European patents

European patentsThe European Patent Convention

The granting of European patents is ruled by the European Patent Convention, which has been in force since 1978. The main function of the European Patent Convention is to provide for a centralized grant procedure resulting in patents which confer on the proprietor, in each contracting state for which they are granted, the same rights as a national patent in that state. In addition, the Convention includes rules on the interpretation of patents, on grounds for revocation and provides for centralized opposition, limitation and revocation procedures.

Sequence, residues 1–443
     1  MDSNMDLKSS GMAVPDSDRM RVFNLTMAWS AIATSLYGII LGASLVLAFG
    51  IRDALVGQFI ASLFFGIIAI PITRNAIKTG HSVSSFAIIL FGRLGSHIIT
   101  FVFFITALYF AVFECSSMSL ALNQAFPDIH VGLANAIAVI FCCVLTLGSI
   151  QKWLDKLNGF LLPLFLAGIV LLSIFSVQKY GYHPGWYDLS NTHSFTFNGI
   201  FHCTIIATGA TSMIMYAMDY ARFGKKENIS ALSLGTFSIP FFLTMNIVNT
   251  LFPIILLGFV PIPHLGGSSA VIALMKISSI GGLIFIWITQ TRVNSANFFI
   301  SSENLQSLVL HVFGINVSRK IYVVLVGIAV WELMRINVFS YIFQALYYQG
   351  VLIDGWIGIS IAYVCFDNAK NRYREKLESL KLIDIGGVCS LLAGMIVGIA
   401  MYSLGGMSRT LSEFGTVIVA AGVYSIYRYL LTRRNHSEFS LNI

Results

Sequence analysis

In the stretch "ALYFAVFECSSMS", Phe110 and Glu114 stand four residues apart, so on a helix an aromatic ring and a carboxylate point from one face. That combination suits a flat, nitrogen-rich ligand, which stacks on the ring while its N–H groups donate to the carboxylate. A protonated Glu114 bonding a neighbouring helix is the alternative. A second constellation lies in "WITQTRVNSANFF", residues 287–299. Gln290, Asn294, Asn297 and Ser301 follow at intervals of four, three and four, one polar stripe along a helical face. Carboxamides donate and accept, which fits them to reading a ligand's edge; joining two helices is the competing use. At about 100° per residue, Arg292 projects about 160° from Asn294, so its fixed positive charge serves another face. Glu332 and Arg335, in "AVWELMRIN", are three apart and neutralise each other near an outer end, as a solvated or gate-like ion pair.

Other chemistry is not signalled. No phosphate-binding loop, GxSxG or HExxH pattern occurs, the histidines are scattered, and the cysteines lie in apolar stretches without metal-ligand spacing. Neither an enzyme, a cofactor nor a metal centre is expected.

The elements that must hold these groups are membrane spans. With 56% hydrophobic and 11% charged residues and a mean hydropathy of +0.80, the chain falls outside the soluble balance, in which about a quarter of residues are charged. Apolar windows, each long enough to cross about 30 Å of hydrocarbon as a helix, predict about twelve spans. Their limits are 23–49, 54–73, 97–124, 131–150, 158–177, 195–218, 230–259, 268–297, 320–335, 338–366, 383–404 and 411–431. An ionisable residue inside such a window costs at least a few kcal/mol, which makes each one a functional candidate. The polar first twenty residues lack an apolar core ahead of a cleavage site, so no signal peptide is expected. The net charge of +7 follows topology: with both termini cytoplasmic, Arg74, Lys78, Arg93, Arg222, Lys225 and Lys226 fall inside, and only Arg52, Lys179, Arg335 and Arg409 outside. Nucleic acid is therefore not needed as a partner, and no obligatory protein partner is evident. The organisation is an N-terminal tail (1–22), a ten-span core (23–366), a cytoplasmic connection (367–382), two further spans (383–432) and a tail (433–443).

Parties to the Convention

Parties to the European Patent Convention which can be designated in a European Patent Application, are:

Albania, Austria, Belgium, Bulgaria, Cyprus, Croatia, Czech Republic, Denmark, Estonia, Finland, France, Germany, Greece, Hungary, Iceland, Ireland, Italy, Latvia, Liechtenstein, Lithuania, Luxembourg, the former Yugoslav Republic of Macedonia, Malta, Monaco, The Netherlands, Norway, Poland, Portugal, Romania, San Marino, Serbia, Slovakia, Slovenia, Spain, Sweden, Switzerland, Turkey and the United Kingdom.
Extensions of a European Patent can be requested for Bosnia and Herzegovina, and Montenegro.

 

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